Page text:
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Young people have the potential to be creative and skilled storytellers, actors, and writers. They also can become profoundly insightful about the way diversity affects themselves and others, as well as actively challenge bias. "Act It Out" encourages these potentials in students. Augmenting the writing program that many teachers already use, it enables students to write about, act out and learn from experiences of discrimination in their lives.
By collectively acting out and discussing their "bias stories," students improve their writing by generating more detail to use in revising their work. At the same time, they expand their understanding of discrimination and responses to it. This article describes the genesis of "Act It Out," the steps in the process through the voices of teacher Karen Cathers and her third grade students, and approaches to raising awareness about diversity and anti-bias actions, useful for elementary and secondary students alike.
Many excellent approaches exist to enhance student writing (Calkins, 1994; Fletcher, 2007; Wood, 2006). Similarly, educators have developed meaningful strategies to raise students' awareness about diversity and help youth develop the understandings and skills to respond to bias ( Au, Bigelow, & Karp, 2007; Christensen, 2000; Kivel & Creighton, 1997; Schniedewind & Davidson, 2006; Stein & Cappello, 1999; Vasquez, Myhad, & Creighton, 2003). "Act It Out" integrates components of both to concurrently enhance writing and foster greater consciousness and agency to stand up to discrimination.
Developed in New Paltz, New York, "Act It Out" has its roots in the school district's Diversity Education Program (1990-99) and in Playback Theater, an improvisational theater organization. Located in a semi-rural community and home of a state university, the district's student body is primarily White with about 18% students of color and 15% eligible for financial support for meals.
The authors collaborated as classroom teacher and in-service educator through components of the district's multifaceted Diversity Education Program, including a 30-hour professional development course, study groups, and classroom support (Schniedewind, 2001). While focusing on racism and sexism, this initiative addressed all forms of diversity including discrimination based in class background, sexual orientation, language, religion, age, and ability.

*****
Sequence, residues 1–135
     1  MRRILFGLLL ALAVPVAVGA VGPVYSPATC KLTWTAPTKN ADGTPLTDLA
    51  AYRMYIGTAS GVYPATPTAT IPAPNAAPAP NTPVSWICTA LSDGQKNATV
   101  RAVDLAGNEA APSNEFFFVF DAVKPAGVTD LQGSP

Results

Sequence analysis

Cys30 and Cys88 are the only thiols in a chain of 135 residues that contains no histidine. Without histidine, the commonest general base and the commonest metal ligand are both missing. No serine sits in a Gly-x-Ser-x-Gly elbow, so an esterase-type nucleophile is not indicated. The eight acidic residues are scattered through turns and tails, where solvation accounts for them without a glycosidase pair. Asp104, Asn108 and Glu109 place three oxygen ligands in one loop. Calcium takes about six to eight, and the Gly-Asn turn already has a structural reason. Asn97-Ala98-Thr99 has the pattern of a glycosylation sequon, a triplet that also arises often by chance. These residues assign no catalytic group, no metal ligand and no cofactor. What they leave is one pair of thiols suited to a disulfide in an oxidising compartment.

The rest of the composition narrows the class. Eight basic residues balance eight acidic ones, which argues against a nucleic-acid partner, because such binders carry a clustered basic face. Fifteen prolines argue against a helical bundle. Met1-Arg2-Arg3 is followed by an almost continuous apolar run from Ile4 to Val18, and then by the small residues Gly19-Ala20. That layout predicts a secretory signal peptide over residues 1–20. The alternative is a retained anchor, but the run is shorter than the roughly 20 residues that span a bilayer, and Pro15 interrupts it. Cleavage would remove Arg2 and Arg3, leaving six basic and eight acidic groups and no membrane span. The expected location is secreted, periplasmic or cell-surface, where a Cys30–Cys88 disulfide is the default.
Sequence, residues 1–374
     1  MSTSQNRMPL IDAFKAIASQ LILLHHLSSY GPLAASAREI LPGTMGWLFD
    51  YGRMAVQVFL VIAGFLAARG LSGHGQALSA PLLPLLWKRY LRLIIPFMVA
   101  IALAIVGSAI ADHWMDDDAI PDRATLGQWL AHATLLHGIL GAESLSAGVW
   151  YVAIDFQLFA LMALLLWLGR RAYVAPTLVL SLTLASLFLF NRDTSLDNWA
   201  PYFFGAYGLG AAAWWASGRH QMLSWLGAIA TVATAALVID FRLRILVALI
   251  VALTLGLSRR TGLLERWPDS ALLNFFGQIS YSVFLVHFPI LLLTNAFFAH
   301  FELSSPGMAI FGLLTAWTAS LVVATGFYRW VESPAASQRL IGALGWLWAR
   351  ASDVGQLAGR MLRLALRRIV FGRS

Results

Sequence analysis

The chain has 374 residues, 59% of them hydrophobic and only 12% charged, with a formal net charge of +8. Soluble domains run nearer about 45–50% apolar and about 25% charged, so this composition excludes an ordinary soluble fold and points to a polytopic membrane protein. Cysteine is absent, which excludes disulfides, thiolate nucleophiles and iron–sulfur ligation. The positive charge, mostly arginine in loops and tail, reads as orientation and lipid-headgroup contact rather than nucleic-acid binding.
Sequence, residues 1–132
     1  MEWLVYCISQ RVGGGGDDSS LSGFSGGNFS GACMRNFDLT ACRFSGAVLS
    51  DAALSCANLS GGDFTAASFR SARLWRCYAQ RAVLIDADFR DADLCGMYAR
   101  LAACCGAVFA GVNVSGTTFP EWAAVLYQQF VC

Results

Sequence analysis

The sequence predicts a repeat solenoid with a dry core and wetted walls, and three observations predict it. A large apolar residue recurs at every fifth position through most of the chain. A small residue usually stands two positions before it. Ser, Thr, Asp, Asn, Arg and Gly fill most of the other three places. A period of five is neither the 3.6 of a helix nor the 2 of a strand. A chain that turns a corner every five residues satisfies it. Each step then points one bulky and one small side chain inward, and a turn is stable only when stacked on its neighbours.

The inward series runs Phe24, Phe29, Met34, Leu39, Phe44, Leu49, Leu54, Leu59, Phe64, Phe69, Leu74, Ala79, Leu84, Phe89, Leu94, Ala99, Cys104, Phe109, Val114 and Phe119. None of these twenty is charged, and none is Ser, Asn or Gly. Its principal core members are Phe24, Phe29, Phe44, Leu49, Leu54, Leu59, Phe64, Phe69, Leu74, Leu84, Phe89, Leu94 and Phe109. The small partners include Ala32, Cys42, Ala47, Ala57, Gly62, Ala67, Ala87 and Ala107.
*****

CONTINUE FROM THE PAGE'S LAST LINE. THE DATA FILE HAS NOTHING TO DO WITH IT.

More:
Playback Theater, founded in New Paltz by Jonathan Fox, provides a public process for people to tell a life story and have it played back to them by actors using improvisational techniques. Playback troupes perform in New York, nationally, and internationally. A storyteller observes the dramatization of his/her story, shares how it felt to watch the story and adds information to further explain it. Both the storyteller and audience gain insight on the particular situation as well as universal themes in the stories (Salas, 1998). Karen brought the Playback process into her classroom to enrich her students' writing.
Origins of "Act It Out"
Developing detail in a story is often difficult for young writers. Karen found that when she sat with students to ask questions about their sketchy stories more detail came out. She hoped that by integrating the Playback process with her writing process students might 'see' more clearly how leaving details out makes it harder for others to appreciate their stories. One component of Karen's writing program was Writer's Workshop, a time set aside for creative writing. It involved pre-writing a graphic organizer or outline and writing several drafts. Included was conferencing with peers, teacher, or adult volunteer where constructive questions were asked of the author and suggestions given. By integrating Playback into Writer's Workshop, Karen developed "Act It Out" (See Figure 1).
As an educator who addressed diversity and bias awareness throughout the year, Karen wanted "Act It Out" to contribute to her multicultural goals. She began the year with community building activities to develop a trusting, inclusive classroom where it was safe to talk about difficult topics. Integrated into classroom dialogue were words to talk about human diversity and discussion about how difference is used to maintain inequality.
As the year progressed, students learned to be more comfortable with such words as racism, sexism, homophobia, color, lesbian, gay, and so forth. Every week community meetings were held which provided an opportunity for problem-solving, including ways for young people to deal with bias they experience in their lives (Cathers & Schniedewind, 1994). "Act It Out" became a context in which students further heightened their multicultural awareness.
Setting the Context
As a teacher educator who focuses on multicultural/social justice education, Nancy encourages teachers to use a sequenced approach for teaching about diversity. It supports their efforts to build trusting classroom communities where young people learn to empathize with others, explore why and how inequality based on difference exists, examine discrimination in the institutions in their lives to see how it has affected them, and create changes to foster greater equality. This diversity education framework is reflected in Open Minds to Equality: Learning Activities to Affirm Diversity and Promote Equity, a book Karen both contributed to and used in her teaching (Schniedewind & Davidson, 2006). Experiences with the ideas in this book …